Afghan war rugs in Smithsonian

Since the 1979 Soviet invasion of Afghanistan, Turkmen weavers have woven "war rugs" that depict machines of war, battle maps, and even 9/11. Interestingly, the rugs depicting the planes crashing into the Twin Towers are based on images from US propaganda leaflets dropped on Afghanistan. The new issue of Smithsonian explores this incredibly interesting art form. From the article:

 Images Afghan-Rugs-5
These rugs, principally woven by women of the Turkman culture, often include red or yellow hues and are peppered with large weapons, military vehicles and English phrases such as "Hand Bom [Bomb]," "Rooket [Rocket]" and "Made in Afghanistan."

To many, this script is a firm indication of the rugs' intended audience: Westerners, and in particular, Americans, who funded the Afghan resistance–the Mujahadeen–during the Soviet occupation. "The rugs are geared for a tourist market," says Margaret Mills, a folklorist at Ohio State University who has conducted research in Afghanistan since 1974. "And they verbally address this market." Sediq Omar, a rug merchant from Herat who dealt in war rugs during and after the Soviet occupation, agrees. "Afghanis don't want to buy these," he says. "They're expensive for them. It's the Westerners who are interested."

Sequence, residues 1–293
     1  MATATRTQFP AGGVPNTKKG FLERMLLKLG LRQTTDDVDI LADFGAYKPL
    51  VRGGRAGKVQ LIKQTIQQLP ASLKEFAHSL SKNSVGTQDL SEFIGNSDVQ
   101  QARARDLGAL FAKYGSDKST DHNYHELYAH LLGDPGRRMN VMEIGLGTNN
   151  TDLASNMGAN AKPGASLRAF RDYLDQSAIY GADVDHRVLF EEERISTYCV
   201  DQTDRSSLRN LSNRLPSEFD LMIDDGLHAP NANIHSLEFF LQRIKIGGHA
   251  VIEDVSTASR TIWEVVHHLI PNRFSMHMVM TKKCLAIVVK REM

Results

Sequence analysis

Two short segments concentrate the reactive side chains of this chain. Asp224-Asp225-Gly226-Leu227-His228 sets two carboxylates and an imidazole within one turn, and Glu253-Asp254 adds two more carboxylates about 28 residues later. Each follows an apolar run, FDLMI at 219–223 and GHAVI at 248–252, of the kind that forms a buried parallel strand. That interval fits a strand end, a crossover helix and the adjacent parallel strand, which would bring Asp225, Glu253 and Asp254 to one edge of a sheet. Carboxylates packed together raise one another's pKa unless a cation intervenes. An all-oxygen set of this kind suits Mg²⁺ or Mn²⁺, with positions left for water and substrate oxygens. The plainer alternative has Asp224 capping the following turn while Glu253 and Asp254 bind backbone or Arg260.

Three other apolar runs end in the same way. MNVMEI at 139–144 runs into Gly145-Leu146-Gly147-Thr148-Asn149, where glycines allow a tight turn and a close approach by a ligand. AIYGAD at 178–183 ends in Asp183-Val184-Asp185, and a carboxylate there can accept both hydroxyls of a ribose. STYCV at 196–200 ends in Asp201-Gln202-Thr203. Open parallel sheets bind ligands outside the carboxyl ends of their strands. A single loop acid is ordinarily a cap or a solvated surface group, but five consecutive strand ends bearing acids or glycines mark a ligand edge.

While this may be true, it's likely that the first "hidden" war rugs from the early 1980s were meant for fellow Afghanis, according to Hanifa Tokhi, an Afghan immigrant who fled Kabul after the Soviet invasion and now lives in northern California. "Later on, they made it commercialized when they found out that people were interested," she says. "But at the beginning, it was to show their hatred of the invasion. I know the Afghan people, and this was their way to fight."


Previously on BB:
• Afghan rugs depict Twin Towers Link